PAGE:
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Casting light on poverty and death in Sudan


In a world filled, as the song says, with sorrow and woe, few things are sadder than to be ignored or forgotten as life passes by. The beggar on the street will tell you it’s not so much our dime or dollar he craves as our attention. Countries are also like that. A hurting nation hurts more acutely when the world and its media look the other way.

For several years my own vote for most neglected country has gone to Sudan, about which I know little for the very reason that it was ignored by everyone. Rumor had it that there was great poverty, war and death there. But not enough to bring on the TV cameras, as famine and death had earlier brought them, for example, to Somalia.

Now comes a new book one hopes can fill that void: Inside Sudan: Political Islam, Conflict, and Catastrophe, by Donald Petterson (Westview Press, 209 pages, $25). The author was U.S. ambassador in Sudan from 1992 to 1995.

The first thing such a book forces one to do is find the place on a map. Briefly, Sudan is bordered by Egypt and the Red Sea up north, by Zaire, Uganda and Kenya down south. A great river runs through it, the Nile. Its capital city is Khartoum, old enough to have an echo of the fabulous about it.

Sudan, Petterson tells us, is Africa’s biggest country -- a first surprise. It has a population of 30 million comprising 450 ethnic groups that among them speak 132 languages. In other words, a very divided country, history’s legacy, where exotic, half-remembered old enemies won and lost, the Nubians and Hyksos, the Cushites and Assyrians and more. Egypt was the main antagonist, especially in the recent millennium, but the British arrived and ran Sudan until 1956, then went home leaving a basket case behind. By that time the implacable divide was between North and South. In the North, where Khartoum is, nearly all the people are Muslims. In the South they are animists and Christians. The whole country, though rich in potential, is poor, but the South is poorer. Petterson notes that any good done in the South was at the hands of Christian missionaries.

What worried Southerners more than poverty was that the North “intended to Islamize and Arabize the South.” That tension led to hostilities in 1956. Except for a hiatus from 1972-1982, there has been a bitter, deadly civil war until today, as government, of sorts, fluctuated between military and civilian rule.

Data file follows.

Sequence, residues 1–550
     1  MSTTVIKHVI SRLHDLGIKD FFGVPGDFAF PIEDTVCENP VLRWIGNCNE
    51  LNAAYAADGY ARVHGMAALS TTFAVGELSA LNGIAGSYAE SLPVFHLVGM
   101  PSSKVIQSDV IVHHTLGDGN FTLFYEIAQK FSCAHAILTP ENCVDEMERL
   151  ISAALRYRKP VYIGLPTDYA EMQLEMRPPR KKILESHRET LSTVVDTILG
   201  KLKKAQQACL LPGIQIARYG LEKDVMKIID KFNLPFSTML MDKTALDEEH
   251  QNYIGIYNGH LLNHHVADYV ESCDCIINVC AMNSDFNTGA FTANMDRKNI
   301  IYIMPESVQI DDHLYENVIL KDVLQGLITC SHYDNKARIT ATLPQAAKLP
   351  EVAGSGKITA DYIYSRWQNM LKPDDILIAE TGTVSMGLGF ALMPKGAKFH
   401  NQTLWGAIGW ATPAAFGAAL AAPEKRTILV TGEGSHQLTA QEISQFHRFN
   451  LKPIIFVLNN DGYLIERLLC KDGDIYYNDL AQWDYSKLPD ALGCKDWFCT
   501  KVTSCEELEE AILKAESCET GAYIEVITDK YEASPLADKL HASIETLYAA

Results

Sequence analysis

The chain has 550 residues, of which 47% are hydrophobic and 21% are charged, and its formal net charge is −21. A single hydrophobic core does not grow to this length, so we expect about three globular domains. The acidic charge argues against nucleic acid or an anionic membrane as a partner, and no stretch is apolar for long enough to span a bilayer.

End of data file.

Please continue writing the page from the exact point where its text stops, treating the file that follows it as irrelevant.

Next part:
U.S.-Sudan relations have been a roller coaster ride. During the Cold War our government considered Sudan strategically important, so we gave its most durable strongman, Col. Gaafar Muhammad Numeiry, lots of money. When Numeiry became “a born-again Muslim,” U.S. ardor cooled. Human rights violations grew worse with the years. Sudan became a refuge for terrorists.

Finally, though, this author is a Foreign Service officer. He wanted to make a difference in a place few Foreign Service officers wanted to go -- a U.S. ambassador was assassinated there in 1973 by Palestinian terrorists. His purpose, as he explains in a preface, is to explain U.S. policy. So he gives us page after page of blow-by-blow diplomatic maneuvers and who said what at which meeting.

He is concerned about the war and torture and human rights violations and women and children dying of hunger. But, perhaps through no fault of his own, he is unable to tell us much about Sudan at ground level.

At a certain stage he decides to be more open with journalists. But journalists seldom visit Sudan, and neither do tourists. When some do visit, such as the Los Angeles Times’ Kim Murphy, he seems appreciative and quotes her: “In December last year the rains began -- vicious fighting between rival tribal factions that led to the theft of the rest of the cattle and the slaughter of most of Bor’s remaining men. The women, children and elders remaining there were walking bones, people on the brink of starvation.”

This is not pleasant -- or diplomatic -- writing, but there should be more of it in a book about Sudan.

As time passes, the ambassador gets more resolute, wants to see more of the turmoil for himself. He visits faction leaders, who don’t always fit the stereotype. One warlord, John Garang, has a doctorate from Iowa State University. Petterson blames these Southern strongmen for their willingness to sacrifice their own people for the sake of power. He blames the government in the North for its repression but is cautious about criticizing Islamic fundamentalism, which he calls “political Islam.” In the preface he tries to get the thorny matter out of the way: “I have avoided criticizing political Islam. Nevertheless my portrayal of the personalities, policies and actions of the Islamist government of Sudan reveals a repressive system that survives by force. I believe that, at the very least, the Sudanese experience gives credence to the thesis that any government based on religious fundamentalism and intent on propagating its religious beliefs will by its nature be tyrannical, intolerant of dissent and prepared to use any means, including violence against its own people, to maintain itself in power.”

This book helps cast the light of day on that pitiful place. But it is just a beginning.

Michael Farrell is editor of NCR.

National Catholic Reporter, February 11, 2000